Washington College today named five finalists for the $61,000 Sophie Kerr Prize, possibly the largest cash award to any college undergraduate in the nation.
It’s a literary prize, named for an American writer who made a generous gift to the college more than 40 years ago, awarded to “the graduating senior who has the best ability and promise for future fulfillment in the field of literary endeavor.”
So how does little Washington College have the funds to sustain largesse on this scale? It’s a highly respected but otherwise low-profile liberal arts school on Maryland’s Eastern Shore, with a good English department and a noted J.R.R. Tolkien scholar.
“It happened when Sophie Kerr Underwood died at the age of 84 in 1965 and bequeathed to Washington College the sum of $500,000 — just a portion of the money she had accumulated from a highly successful, if largely forgotten, writing career that spanned the first half of the century,” James Lardner wrote in a 1983 Style section piece in this paper.
Kerr attended Hood College in Frederick but directed her posthumous benevolence to Washington College, which was near her hometown, reportedly because she disliked the fact that students at Hood dissected cats.
Kerr was firm in her wish that the prize be given as a lump sum to a single worthy soul. And so, a few dozen students each year compete for a sum that probably exceeds what any of them will earn in their first year out of college, with no strings attached.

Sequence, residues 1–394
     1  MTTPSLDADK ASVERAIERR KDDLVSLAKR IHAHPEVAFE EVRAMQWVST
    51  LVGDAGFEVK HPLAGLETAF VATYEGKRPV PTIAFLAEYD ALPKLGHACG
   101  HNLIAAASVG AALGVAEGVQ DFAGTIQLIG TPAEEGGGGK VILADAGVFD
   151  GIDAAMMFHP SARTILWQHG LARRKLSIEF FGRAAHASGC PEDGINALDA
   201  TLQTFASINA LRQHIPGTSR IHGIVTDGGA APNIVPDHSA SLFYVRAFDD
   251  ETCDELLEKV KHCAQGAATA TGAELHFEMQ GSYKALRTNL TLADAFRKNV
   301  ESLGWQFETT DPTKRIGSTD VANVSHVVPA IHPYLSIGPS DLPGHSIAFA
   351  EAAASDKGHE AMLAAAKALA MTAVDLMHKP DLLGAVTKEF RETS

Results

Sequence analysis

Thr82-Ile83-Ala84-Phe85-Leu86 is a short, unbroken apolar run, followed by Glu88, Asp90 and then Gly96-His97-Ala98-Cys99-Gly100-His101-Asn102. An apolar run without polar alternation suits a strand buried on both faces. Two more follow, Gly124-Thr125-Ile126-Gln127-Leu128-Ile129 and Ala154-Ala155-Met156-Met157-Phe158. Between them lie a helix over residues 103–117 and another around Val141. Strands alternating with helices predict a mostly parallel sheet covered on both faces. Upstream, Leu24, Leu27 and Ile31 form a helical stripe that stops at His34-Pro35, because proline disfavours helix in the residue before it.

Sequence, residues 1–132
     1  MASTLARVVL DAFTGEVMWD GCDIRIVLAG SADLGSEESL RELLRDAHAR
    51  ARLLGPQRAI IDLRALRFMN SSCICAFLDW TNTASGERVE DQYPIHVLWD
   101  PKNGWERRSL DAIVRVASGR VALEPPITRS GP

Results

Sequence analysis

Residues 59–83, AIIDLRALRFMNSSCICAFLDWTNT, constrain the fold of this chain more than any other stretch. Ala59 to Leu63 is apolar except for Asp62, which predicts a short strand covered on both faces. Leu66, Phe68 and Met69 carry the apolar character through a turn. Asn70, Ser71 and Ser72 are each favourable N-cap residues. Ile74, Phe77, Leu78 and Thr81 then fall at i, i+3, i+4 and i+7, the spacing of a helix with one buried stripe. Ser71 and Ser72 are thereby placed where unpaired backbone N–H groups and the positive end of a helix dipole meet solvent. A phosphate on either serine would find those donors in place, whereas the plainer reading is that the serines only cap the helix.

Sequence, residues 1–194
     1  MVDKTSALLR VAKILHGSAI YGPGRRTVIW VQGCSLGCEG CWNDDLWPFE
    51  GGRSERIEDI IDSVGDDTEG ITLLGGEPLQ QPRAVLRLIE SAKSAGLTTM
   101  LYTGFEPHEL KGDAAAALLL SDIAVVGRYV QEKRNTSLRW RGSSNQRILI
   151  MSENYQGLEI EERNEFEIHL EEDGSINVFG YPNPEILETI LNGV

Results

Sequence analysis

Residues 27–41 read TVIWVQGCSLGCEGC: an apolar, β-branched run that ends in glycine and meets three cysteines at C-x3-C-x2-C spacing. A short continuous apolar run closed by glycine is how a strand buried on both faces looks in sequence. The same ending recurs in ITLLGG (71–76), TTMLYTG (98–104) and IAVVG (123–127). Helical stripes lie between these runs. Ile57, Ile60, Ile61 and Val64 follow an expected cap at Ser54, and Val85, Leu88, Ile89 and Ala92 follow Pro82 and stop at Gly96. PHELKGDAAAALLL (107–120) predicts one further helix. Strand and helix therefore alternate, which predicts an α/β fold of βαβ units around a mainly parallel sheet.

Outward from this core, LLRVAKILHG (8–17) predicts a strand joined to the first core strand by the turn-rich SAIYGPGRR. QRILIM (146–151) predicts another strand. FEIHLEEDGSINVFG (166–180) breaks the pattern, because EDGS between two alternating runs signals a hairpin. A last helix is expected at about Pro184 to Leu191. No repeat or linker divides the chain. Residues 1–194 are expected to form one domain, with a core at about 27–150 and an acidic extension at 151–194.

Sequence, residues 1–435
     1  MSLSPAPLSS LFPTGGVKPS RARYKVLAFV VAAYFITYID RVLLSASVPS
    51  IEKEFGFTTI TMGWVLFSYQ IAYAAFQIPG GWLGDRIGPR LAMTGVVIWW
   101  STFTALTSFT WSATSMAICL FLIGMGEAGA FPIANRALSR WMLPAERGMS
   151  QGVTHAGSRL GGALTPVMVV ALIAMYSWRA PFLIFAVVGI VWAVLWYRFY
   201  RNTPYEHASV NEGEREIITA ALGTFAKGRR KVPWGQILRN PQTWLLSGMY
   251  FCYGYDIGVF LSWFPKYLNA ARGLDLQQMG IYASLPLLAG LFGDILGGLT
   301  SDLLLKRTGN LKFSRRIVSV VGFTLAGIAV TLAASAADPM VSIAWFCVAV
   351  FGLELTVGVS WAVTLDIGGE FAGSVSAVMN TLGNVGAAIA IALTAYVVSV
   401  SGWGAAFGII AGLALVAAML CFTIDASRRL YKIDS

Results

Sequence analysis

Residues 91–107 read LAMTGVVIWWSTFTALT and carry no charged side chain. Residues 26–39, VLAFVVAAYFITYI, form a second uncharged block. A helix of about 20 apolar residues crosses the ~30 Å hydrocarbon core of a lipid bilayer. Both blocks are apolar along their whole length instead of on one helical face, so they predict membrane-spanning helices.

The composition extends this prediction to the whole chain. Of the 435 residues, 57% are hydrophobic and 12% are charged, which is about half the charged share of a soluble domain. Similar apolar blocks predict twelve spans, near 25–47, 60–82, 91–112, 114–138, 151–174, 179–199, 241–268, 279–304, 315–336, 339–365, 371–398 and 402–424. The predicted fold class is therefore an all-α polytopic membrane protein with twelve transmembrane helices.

The prize apparently has yet to yield a notable published author. Maybe one lurks among this year’s finalists — this is the first time the school has named finalists, a move to build suspense and spread the plaudits beyond the winner.
They are Maggie Farrell, a drama major from Hatfield, Pa.; Lisa Jones, an anthropology major from a Maryland community called Fork; Dan McCloskey, an English major from Ellicott City; Insley Smullen, an English major from Frederick; and Joseph L.L. Yates, a bio and studio art major from Tampa.
The winner will be announced Tuesday in New York and simulcast on screens in colonial Chestertown; the change of venue, too, is tailored to build the sense of occasion.
Other colleges must have large cash prizes that exist by the whim of some long-dead donor. Know of an example? Post it in a comment.